Information about Mount Athos Halkidiki

Monastery Hilandariou

Monastery-Hilandar

During the 14th century, the monastery reached its highest peak, accumulating riches and heirlooms from imperial as well as private donnations

The history of the monastery begins in the 10th century but, after its ruin, the emperor Alexius III, in 1198 granted it to the Serbian rulers Stefan Nemanja and his son Rastko, who became monks (Symeon and Sava respectively) who proseeded to the construction of new buildings. During the 14th century, the monastery reached its highest peak, accumulating riches and heirlooms from imperial as well as private donnations

One of the largest and richest in heirlooms monasteries of the Holy Mountain, Chelandar is the main spiritual center of the Serbs from the 12th century onwards. Besides the central church (Katholicon), honoured in the memory of the Presentation of the Virgin, there are many chapels, the refectory and the aisles with the monks΄ cells as well as the other auxiliary buildings (guest-house, library and others).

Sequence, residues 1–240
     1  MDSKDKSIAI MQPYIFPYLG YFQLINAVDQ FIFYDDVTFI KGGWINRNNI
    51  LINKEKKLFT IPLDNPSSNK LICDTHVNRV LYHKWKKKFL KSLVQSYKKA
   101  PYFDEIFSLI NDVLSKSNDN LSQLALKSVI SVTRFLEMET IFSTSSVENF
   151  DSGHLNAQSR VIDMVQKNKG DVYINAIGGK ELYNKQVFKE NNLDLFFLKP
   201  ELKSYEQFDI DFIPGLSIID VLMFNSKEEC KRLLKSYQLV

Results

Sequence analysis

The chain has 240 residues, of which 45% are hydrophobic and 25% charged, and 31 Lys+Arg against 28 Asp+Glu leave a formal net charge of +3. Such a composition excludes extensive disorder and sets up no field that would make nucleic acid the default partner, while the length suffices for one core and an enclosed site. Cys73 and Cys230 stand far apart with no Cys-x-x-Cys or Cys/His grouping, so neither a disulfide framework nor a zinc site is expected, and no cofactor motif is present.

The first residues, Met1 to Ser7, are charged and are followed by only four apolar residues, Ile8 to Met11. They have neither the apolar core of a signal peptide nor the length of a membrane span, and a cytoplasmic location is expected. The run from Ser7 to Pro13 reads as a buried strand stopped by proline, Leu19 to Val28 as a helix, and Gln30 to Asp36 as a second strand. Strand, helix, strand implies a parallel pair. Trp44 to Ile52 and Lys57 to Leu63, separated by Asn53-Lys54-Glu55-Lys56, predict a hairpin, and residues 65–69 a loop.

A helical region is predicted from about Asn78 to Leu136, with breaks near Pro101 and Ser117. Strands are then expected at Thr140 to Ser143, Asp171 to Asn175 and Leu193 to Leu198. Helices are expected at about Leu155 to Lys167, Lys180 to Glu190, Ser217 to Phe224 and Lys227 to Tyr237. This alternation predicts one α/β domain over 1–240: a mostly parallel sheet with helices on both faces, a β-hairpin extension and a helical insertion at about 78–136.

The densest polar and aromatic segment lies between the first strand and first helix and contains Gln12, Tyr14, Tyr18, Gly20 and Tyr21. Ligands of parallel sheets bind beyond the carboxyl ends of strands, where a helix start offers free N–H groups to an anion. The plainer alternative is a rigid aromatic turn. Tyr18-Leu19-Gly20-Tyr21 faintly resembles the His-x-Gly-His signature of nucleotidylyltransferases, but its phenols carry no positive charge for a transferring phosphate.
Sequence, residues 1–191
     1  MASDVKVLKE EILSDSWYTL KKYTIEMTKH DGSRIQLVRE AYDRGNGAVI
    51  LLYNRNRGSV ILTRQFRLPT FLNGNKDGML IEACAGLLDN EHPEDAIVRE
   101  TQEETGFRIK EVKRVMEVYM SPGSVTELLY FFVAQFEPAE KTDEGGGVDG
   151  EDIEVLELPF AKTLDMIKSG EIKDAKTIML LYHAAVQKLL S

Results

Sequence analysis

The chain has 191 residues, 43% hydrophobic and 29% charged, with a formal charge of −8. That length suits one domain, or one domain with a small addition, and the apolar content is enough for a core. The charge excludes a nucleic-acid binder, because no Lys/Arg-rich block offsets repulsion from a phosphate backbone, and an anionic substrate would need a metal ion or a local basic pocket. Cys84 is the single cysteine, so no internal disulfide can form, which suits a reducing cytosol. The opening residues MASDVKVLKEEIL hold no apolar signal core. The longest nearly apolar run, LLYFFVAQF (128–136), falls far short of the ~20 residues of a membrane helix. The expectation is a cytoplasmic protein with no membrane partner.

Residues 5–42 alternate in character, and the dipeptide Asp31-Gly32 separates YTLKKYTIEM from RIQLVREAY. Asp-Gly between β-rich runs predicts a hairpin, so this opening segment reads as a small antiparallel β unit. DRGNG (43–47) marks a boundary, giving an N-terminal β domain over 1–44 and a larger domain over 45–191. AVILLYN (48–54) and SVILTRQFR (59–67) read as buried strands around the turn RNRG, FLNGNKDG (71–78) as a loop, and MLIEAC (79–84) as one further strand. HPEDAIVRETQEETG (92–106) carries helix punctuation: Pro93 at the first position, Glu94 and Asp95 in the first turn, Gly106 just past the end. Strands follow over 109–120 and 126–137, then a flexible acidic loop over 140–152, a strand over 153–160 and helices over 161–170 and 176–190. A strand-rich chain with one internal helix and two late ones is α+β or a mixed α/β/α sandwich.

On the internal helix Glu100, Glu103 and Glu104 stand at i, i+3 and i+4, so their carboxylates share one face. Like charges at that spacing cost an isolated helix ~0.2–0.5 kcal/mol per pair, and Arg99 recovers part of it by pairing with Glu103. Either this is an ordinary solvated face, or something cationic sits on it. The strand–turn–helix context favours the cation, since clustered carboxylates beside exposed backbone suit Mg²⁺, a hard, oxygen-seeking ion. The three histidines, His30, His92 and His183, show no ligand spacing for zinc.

The present monastic community preserves close relations with the Serbian people as well as the Greek population of the Holy Mountain and its neighbouring area.

Apart from the abundance of frescoes (St. George΄s Tower, Katholicon, old and new Refectory etc), the monastery possesses one of the largest libraries of Slavonic and Greek manuscripts, as well as a large number of portable icons dated in the 12th century onwards

See also

Monastery-Xenophontos

Monastery Xenofondos

It is built by the sea, between the monasteries of Docheiariou and St Panteleimonos, and is dedicated to St George.

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Monastery-Panteleimon

Monastery Agios Pandeleimonos

The monks are Greek and Russian, which outnumber the first after 1497. In the 18th c. the monastery is again in greek hands, only to fall back to the Russians in 1875.

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Konstamonitou-Monastery

Monastery Konstamonitou

The Konstamonitou monastery it is built in a forest ,200 meters above the sea level,50 minutes walk from the coast.

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